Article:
Some of the songs on Trouble are classic National (“Graceless,” “Don’t Swallow The Cap,” “Humiliation”) while some are more whimsy and fleeting than usual (“Heavenfaced,” “I Need My Girl”). “Pink Rabbits” utilizes a nice slow swing/shuffle type of groove that suits the band well, especially Berninger’s somber illustrations of his experiences. Closer “Hard to Find” ends the album with a subdued piano ballad, only introducing a light percussion part in the final minute—a cerebral closing to an album that sees the band covering some new ground.

I can’t say Trouble Will Find Me is blowing me away like 2007’s Boxer or even the band’s earlier records did, but as I said, it might just be that the charm wore off a little. That’s not The National’s fault, it’s mine. In addition, most National albums take a few weeks to really settle in and grow on the listener, so I’ll probably be more stoked on Trouble by the summer.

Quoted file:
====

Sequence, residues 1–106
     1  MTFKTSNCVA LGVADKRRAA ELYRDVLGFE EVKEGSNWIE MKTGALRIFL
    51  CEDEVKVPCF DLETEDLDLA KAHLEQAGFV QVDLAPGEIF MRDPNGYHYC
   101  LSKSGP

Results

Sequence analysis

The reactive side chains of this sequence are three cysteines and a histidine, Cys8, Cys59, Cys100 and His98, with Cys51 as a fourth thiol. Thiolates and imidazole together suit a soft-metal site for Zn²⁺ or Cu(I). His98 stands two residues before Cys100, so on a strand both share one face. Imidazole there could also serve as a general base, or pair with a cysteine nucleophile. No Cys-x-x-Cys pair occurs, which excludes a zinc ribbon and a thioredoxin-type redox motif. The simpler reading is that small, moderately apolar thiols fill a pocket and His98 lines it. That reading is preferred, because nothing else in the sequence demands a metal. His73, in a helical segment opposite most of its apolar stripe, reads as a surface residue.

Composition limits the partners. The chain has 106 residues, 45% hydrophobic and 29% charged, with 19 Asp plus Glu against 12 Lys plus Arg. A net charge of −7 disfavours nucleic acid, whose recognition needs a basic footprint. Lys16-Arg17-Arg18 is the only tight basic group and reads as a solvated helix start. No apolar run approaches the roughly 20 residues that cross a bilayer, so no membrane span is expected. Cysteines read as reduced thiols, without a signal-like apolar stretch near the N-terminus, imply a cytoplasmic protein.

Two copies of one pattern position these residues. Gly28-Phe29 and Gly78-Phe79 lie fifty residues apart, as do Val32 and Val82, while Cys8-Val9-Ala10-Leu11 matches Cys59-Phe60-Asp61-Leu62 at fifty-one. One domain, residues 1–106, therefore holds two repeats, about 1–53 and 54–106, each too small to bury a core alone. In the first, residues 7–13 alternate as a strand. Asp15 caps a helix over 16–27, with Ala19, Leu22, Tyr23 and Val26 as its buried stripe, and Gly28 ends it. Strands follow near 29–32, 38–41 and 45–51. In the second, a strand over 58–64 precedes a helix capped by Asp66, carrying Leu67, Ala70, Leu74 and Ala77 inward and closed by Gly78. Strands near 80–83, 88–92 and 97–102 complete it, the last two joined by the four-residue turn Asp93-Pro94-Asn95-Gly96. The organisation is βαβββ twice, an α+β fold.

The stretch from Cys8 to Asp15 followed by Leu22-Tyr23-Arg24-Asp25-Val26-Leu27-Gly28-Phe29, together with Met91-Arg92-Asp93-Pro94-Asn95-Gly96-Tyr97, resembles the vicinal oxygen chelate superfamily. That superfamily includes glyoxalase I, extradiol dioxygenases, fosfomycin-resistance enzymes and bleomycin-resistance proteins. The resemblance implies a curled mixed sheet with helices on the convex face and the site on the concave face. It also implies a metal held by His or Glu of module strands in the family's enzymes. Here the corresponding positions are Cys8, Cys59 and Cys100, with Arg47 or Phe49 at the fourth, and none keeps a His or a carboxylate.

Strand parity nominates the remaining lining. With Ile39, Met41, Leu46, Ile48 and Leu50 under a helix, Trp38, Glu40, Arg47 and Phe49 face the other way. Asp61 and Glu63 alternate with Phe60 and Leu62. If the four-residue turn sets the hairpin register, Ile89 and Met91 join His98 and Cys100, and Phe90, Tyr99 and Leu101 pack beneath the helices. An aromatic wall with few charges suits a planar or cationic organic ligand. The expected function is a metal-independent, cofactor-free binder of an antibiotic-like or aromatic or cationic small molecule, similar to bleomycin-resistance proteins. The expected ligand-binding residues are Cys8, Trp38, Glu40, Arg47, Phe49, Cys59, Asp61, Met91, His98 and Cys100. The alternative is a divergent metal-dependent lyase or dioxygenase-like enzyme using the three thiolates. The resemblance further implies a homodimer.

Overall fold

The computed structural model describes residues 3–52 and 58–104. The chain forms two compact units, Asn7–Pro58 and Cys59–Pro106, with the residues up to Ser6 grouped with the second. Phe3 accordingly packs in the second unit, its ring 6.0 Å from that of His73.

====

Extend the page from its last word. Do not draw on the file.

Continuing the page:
It may seem obvious, but I’ll say it anyway: those who already enjoy The National will like this record, and the band’s detractors, who might foolishly label this music “boring,” probably won’t find a whole lot to gravitate toward this time around. Even so, Trouble Will Find Me continues this band’s incredible growth and expansion, and is a solid addition to their existing powerhouse of a catalog.

~ J.M.

tmp354010523773173760It’s been a solid six years since the last solo album from everyone’s favorite Canadian frontman, Raine Maida. Six years sounds like a long time, but a gap that long actually does make some sense, considering Maida’s main band, Our Lady Peace, released two albums—2009’s Burn Burn and 2012’s Curve—and completed multiple tours between Maida’s first solo album, 2007’s The Hunter’s Lullaby, and the brand-new We All Get Lighter, which is slated for release next Tuesday.